Monday, May 31, 2010
Further study details as provided by M.D. Anderson Cancer Center:
Primary Outcome Measures: Compare Predictors of Health-Related Quality of Life (QOL) among Colorectal Cancer (CRC) Survivors who have Lynch Syndrome (LS) with patients who have Sporadic CRC [ Time Frame: 1 Year ] [ Designated as safety issue: No ]
The 5 Dumbest Cancer Myths? The 5 Dumbest Cancer Myths? PDF Print E-mail Written by Dr Vasilev Monday, 17 August 2009
HUYA Bioscience International forms strategic partnership with School of Chinese Materia Medica of BUCM
The apprenticeship model that surgical training has traditionally relied on has proven to be an expensive, time-consuming, and inconsistent model for producing skilled surgeons. Combined with increased public scrutiny on patient safety, financial concerns, restricted work hours, and expanding skill requirements, it has become clear that a new pedagogic paradigm is required. This article reviews the evidence supporting the need and justification of simulation in surgical education and explores the existing and potential roles of simulation in the training and evaluation of future surgeons.
LISTSERV Choice Awards: "The Mailys" Voting - May 2010
Should Cause of Death From the Death Certificate Be Used to Examine Cancer-Specific Survival? A Study of Patients With Distant Stage Disease; Cancer Investigation
Death certificates are used to classify cause of death for studies of cancer survival and mortality. Using data from the National Cancer Institute's Surveillance, Epidemiology, and End Results program, we evaluated cause of death (site-specific, cancer cause-specific, or other cause of death) for 229,181 patients with distant stage disease during 1994–2003 who died by 2005. Agreement between coded cause of death and initial diagnosis was 85% in patients with only one primary and 64% in patients with more than one primary. Our findings support the usefulness of site and cancer cause-specific causes of death reported on the death certificate for distant stage patients with a single cancer.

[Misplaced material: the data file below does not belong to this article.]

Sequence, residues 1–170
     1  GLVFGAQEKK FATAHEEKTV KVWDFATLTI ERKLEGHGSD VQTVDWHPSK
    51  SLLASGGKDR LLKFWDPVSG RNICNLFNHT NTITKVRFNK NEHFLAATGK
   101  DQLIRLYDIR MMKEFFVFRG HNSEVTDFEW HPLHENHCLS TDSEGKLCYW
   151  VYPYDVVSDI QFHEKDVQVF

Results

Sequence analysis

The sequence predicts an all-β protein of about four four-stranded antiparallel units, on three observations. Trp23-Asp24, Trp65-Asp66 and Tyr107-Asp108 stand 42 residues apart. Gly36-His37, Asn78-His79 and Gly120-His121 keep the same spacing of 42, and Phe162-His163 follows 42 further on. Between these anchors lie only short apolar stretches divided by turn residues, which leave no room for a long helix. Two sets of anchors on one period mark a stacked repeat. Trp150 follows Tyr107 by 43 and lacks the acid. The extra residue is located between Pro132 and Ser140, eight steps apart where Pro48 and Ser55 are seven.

abstract/free full pdf access:P redictive and Prognostic Protein Biomarkers in Epithelial Ovarian Cancer: Recommendation for Future Studies Cancers
"Abstract: Epithelial ovarian cancer is the most lethal gynecological malignancy. Due to its lack of symptoms, this disease is diagnosed at an advanced stage when the cancer has already spread to secondary sites. While initial rates of response to first treatment is >80%, the overall survival rate of patients is extremely low, mainly due to development of drug resistance. To date, there are no reliable clinical factors that can properly stratify patients for suitable chemotherapy strategies. Clinical parameters such as disease stage, tumor grade and residual disease, although helpful in the management of patients after their initial surgery to establish the first line of treatment, are not efficient enough. Accordingly, reliable markers that are independent and complementary to clinical parameters are needed for a better management of these patients. For several years, efforts to identify prognostic factors have focused on molecular markers, with a large number having been investigated. This review aims to present a summary of the recent advances in the identification of molecular biomarkers in ovarian cancer patient tissues, as well as an overview of the need and importance of molecular markers for personalized medicine in ovarian cancer."
"High grade serous tumors show particular differences in terms of their development, genetic alterations and prognosis. This has led to the classification of ovarian cancer into two types: type 1 tumors, which are low grade and slowly developing (endometrioid, mucinous and low grade serous tumors), and type 2 tumors, which rapidly progress (high grade serous). In addition, the association of biomarker expression with survival varies substantially between subtypes, and can easily be overlooked in whole cohort analyses. Although these data suggest substantial differences between subtypes, until recently ovarian carcinomas were typically approached as a monolithic entity by researchers and clinicians. This practice impeded progress in understanding the biology or improving the management of the less common ovarian carcinoma subtypes. To avoid this effect, each subtype within a cohort should be analyzed individually. Therefore, molecular classifiers of ovarian cancer are of high clinical relevance in the management of these cancer patients...." cont'd
"Chemotherapy induces menopause in some hormone-dependent cancers. It has a beneficial effect because it's withdrawing the stimulants for the cancer cells. Menopause is contributing to the cure," said Astsaturov. "It's still debated whether we should preserve menstrual function at all costs."
"Strategies currently being exploited in clinical trials include attempts to deliver more killing selectively to tumours (e.g., intraperitoneal administration of cisplatin or radiolabelled monoclonal antibodies), agents designed to target drug resistance mechanisms (e.g., TLK-286 activated by glutathione transferase), agents targeting proteins/receptors shown to be selectively expressed in the disease (e.g., monoclonal antibodies recognising CA-125 or HER1; small molecules targeting HER1 such as gefitinib) and disrupting established tumour vasculature (e.g., 5,6-dimethyl xanthenone 4-acetic acid). At the pre-clinical level, agents being developed to target the phosphatidylinositol 3 kinase/AKT/mTOR pathway, and K-Ras inhibitors, may offer efficacy in the future."